The Influence of Morality-Based Individual Differences and Interpersonal Power on Ethical Decision Making
Sturm, Rachel Elizabeth
MetadataShow full item record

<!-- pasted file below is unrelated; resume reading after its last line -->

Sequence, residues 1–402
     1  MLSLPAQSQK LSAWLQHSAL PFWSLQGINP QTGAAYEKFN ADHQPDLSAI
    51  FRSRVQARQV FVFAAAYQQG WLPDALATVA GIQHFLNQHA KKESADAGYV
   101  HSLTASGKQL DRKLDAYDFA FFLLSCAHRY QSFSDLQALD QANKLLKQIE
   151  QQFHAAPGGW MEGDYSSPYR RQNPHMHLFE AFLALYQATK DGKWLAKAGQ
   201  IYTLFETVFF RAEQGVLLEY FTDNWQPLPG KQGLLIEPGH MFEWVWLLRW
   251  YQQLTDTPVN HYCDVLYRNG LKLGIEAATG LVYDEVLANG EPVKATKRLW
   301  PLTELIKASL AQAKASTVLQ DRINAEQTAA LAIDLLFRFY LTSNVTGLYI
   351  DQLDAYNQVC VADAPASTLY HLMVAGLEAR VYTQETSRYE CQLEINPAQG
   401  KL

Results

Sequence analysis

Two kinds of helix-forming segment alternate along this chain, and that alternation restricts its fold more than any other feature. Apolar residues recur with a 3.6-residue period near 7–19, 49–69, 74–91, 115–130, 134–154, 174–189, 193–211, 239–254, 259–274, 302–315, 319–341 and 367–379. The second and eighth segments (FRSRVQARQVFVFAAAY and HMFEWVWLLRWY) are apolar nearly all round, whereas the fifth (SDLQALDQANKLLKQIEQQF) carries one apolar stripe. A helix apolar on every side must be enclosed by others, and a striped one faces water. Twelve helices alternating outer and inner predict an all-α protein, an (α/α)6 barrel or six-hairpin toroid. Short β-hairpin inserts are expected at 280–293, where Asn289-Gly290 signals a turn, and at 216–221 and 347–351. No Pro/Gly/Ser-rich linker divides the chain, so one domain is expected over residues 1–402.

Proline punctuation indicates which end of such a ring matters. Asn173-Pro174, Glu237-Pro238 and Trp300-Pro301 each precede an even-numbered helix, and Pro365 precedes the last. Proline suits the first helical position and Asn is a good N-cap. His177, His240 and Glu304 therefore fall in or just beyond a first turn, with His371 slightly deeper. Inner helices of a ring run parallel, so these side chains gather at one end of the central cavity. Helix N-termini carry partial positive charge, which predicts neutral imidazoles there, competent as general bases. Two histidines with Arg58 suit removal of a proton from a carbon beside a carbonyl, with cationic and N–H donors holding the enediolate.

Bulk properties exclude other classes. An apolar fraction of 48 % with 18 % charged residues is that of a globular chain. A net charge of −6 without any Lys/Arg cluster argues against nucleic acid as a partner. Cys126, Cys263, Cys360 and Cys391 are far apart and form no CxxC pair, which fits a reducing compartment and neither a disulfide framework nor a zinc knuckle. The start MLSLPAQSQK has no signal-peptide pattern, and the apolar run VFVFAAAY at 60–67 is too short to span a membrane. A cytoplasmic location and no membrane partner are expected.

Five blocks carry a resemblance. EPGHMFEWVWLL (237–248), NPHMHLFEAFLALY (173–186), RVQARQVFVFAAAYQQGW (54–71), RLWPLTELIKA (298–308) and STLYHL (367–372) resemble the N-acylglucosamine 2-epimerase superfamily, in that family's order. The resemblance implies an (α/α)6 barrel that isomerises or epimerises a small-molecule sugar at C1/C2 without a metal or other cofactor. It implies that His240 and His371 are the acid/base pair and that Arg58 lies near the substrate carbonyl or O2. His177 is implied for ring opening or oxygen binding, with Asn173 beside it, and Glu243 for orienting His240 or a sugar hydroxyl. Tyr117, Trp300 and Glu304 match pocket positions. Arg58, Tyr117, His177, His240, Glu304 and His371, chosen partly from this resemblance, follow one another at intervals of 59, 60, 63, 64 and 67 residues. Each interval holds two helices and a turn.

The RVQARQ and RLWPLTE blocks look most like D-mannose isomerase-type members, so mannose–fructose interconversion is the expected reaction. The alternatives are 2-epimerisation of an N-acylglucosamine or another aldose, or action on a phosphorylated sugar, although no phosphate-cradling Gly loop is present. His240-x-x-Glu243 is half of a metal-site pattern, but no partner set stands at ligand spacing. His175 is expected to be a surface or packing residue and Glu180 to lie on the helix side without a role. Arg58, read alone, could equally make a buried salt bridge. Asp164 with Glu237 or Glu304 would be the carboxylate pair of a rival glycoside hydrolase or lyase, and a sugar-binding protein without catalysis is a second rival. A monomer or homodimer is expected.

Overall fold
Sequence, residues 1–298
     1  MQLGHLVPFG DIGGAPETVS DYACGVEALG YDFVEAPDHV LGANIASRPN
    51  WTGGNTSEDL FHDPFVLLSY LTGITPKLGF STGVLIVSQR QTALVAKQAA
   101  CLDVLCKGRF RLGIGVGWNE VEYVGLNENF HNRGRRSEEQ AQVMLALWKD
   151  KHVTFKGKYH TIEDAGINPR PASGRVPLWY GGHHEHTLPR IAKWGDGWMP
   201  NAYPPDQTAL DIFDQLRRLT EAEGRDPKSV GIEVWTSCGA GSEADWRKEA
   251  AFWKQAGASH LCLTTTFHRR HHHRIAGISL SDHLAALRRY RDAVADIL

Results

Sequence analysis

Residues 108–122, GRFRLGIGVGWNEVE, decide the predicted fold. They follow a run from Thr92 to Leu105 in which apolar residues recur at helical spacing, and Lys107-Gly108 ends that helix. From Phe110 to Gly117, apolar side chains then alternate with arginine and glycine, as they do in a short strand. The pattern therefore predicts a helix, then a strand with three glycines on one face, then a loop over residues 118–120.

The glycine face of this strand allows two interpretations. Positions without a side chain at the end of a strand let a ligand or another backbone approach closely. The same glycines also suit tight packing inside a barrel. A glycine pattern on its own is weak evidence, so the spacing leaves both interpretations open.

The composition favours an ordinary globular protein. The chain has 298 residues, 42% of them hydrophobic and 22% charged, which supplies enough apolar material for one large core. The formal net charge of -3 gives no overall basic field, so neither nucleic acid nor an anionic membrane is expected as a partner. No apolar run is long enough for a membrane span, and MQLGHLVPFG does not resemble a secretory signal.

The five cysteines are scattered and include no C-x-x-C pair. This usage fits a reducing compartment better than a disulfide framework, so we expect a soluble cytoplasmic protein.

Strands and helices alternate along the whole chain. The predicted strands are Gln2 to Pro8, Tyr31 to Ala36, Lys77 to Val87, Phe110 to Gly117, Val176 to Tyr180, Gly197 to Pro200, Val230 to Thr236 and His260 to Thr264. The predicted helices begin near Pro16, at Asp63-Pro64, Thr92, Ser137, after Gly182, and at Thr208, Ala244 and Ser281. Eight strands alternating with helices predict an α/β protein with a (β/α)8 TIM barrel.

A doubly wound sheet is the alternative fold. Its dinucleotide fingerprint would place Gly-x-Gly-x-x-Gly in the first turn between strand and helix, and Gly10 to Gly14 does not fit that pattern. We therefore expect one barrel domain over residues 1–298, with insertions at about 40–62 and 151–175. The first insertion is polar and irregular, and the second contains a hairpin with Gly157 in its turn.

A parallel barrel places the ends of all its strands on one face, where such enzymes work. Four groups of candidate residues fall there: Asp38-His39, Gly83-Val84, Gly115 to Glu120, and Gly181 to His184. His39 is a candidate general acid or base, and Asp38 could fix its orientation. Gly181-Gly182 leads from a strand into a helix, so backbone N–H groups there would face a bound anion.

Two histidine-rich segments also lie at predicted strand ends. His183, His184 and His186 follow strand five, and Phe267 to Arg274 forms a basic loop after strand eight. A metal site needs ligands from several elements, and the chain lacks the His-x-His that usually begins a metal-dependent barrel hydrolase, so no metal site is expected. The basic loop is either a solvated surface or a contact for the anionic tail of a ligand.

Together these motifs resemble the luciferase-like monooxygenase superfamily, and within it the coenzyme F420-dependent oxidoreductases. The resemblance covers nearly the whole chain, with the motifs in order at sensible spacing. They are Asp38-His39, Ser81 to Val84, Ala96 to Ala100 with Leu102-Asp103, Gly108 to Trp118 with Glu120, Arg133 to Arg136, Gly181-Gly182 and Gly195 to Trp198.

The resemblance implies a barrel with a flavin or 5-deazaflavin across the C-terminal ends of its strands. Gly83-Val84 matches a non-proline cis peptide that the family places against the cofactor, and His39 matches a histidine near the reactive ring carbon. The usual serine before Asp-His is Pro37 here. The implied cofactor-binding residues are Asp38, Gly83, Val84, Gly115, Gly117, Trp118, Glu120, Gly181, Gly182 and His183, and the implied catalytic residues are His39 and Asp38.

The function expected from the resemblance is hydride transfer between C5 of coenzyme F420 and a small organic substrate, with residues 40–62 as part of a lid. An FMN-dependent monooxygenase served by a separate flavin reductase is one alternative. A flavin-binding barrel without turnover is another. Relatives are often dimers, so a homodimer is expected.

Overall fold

Managers have awakened to the potential dangers that unethical decisions can have in the workplace. As such, it has become increasingly important for managers to hire, and promote into leadership positions, those who are morally inclined. Behavioral ethics research has contributed to this effort by examining an array of individual difference variables (e.g., locus of control) and contextual factors (e.g., magnitude of consequences) that play a role in morality. However, past research has focused mostly on direct causal effects and not so much on the processes (including mediation and moderation) through which different factors lead to ethical decisions. The purpose of the current research is to examine the process, which includes both automatic and conscious decision pathways, through which an emergent concept, moral attentiveness, influences ethical decisions. In particular, the impact of interpersonal power on ethical prototypes (i.e., the automatic pathway) and moral awareness (i.e., the conscious pathway) is examined. The findings of two studies reveal that moral attentiveness, in addition to both accurate ethical prototypes and moral awareness of the situation, positively influences the ethical decision-making process. Thus, moral attentiveness represents a promising area of study because it suggests that there is explanatory value in simply recognizing the extent to which individuals consider morality and moral content in daily experiences (i.e., perceptual moral attentiveness) and decisions (i.e., reflective moral attentiveness). In addition, whereas power was not found to play a strong role in the ethical decision-making process, results demonstrate that while the possession of power usually engenders a sense of entitlement, its consequences for ethical decision making are not always predictably negative.